After many turn downs I decided that I didn’t want to wait any longer and so to self-publish. I examined a number of companies that specialize in this. I chose Gatekeeper Press after interviewing Rob Price and Jessica Bushore. They did a wonderful job all along the process.
4. Would you recommend new authors self-publish, and would you recommend Gatekeeper Press?
Yes, assuming they have submitted their idea to several traditional publishers and been refused. So, instead of waiting, waiting, waiting, I would say self-publish. I highly recommend Gatekeeper Press since my experience was an easy and intelligent process with them.
5. What do you do marketing-wise to help announce and sell your books?
As far as marketing is concerned, if like me, you can’t really afford to hire a marketing source, you can do it yourself. In some respects, I find it harder than writing a novel. But I learned to do it when I co-authored Keep Your Brain Alive. The publisher sent my co-author, the scientist, around for a book tour, which is really not done anymore and then stopped. I realized then that it was up to me to put the book in the brains of potential buyers, so I began to send reviews with the book to many senior citizens and Boomer target sources and to many media reviewers. I still do that. And since my book really was the first of the many brain books that since then have come out, it was well received all over the world.
6. What advice do you have for a new or fledgling author?
I think my only advice for new or fledgling authors is to READ A LOT and write, write, write. When you have an idea, determine who you believe may be your target and research them to see what they’re into and looking for.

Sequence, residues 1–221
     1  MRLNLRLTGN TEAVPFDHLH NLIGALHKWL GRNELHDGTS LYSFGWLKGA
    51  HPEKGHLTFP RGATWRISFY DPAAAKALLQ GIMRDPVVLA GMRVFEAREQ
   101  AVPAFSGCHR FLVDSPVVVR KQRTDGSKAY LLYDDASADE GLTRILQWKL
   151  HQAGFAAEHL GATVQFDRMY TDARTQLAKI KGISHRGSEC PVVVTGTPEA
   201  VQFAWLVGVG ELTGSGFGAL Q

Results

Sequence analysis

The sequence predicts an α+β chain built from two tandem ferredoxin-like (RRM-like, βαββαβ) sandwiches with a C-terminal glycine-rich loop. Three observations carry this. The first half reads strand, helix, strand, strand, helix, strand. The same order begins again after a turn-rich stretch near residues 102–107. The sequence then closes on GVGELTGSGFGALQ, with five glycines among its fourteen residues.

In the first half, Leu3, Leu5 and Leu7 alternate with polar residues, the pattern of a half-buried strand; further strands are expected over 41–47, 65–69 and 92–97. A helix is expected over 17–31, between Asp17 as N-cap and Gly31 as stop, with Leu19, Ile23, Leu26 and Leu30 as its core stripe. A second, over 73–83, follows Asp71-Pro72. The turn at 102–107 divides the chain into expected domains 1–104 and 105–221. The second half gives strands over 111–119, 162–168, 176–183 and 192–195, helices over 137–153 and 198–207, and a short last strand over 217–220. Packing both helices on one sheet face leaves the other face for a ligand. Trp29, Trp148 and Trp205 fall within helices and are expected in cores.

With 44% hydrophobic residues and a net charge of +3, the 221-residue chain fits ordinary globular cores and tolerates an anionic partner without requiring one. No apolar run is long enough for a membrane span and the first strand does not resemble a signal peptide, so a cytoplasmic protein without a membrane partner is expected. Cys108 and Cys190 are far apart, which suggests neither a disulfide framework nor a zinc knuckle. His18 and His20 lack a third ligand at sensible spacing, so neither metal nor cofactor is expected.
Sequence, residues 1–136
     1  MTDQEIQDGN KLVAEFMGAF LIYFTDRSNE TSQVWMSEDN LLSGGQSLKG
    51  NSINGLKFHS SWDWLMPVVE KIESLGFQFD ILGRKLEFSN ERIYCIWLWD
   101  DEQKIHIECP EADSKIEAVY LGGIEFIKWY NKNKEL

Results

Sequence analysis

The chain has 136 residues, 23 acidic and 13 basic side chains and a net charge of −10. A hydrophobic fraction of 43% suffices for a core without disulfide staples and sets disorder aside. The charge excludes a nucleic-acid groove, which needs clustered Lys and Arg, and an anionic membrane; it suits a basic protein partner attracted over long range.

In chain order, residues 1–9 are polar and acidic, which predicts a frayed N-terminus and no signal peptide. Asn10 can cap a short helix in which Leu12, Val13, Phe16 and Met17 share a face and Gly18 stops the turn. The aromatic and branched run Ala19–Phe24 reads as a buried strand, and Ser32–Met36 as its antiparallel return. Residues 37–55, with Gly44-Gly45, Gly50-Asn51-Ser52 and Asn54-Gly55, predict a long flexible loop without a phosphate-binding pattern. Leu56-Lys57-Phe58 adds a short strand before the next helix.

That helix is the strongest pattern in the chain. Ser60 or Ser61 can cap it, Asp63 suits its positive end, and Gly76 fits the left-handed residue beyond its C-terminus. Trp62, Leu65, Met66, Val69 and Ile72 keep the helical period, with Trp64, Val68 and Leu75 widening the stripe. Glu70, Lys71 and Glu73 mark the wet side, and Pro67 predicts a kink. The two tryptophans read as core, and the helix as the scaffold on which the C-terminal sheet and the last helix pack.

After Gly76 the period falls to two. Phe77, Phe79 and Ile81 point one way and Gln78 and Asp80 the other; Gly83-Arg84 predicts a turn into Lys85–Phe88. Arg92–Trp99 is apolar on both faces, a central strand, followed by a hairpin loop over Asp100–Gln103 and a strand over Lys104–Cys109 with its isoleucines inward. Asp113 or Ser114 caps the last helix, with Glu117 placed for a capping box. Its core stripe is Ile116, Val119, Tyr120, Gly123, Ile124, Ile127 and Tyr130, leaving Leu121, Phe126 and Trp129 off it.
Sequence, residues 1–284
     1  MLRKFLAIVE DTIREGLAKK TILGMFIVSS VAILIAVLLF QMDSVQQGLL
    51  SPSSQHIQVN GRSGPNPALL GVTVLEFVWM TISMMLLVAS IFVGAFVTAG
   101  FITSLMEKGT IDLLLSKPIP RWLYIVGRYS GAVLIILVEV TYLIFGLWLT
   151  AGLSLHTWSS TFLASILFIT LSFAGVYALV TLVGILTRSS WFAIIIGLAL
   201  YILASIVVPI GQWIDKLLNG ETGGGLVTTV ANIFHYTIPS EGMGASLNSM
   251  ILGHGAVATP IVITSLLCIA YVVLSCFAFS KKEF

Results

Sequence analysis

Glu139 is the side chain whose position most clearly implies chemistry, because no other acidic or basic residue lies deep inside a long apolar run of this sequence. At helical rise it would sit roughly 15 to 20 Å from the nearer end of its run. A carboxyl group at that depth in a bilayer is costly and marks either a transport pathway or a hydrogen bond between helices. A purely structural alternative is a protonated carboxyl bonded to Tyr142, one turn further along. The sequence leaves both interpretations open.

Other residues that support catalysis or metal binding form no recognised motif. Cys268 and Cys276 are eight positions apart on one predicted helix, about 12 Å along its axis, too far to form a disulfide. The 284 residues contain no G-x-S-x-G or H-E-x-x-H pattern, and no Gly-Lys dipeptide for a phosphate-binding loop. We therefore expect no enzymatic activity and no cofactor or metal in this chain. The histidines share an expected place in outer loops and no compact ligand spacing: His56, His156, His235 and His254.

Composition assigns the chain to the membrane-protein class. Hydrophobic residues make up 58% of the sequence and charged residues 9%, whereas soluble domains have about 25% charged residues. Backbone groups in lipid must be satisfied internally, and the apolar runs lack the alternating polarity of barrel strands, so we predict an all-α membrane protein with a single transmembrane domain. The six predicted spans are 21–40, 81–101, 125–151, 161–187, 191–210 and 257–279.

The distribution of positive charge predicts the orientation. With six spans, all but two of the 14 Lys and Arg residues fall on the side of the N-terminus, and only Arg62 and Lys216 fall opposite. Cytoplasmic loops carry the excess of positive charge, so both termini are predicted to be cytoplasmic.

7. What social media platforms are you on?
I was on Twitter but under the present circumstances I decided to cancel it. I’m not on Facebook or anything else. I just think they take you away from life ,experiences, and reality.
8. What is the one piece of advice you wish you had known when you first started out?
As far as a piece of advice I wished I had, none occurs to me. My father got very ill when I was two, so I learned to take care of myself at an early age. Sure, I made some mistakes, but I learned and kept going (and still at 95, I keep going). Finding a wife who is my equal in so many ways is also very helpful. And Jane has been that for 54 years.
9. What do you feel is the biggest challenge authors are facing going into 2023 (and beyond)?
The biggest challenge authors face now is not very different than it has been. The perseverance to keep at it, the extraordinary competition, the difficulty to get an agent, the consolidation of publishers, and the new entrance of technology designed to capture people and shorten their attention spans and write nothings in 141 characters.
10. Have you won any awards or contests that you would like to mention?
The only awards I’ve won so far have been the many for my former ad writing but also for the long-time sales success of Keep Your Brain Alive. That’s a real reward for me.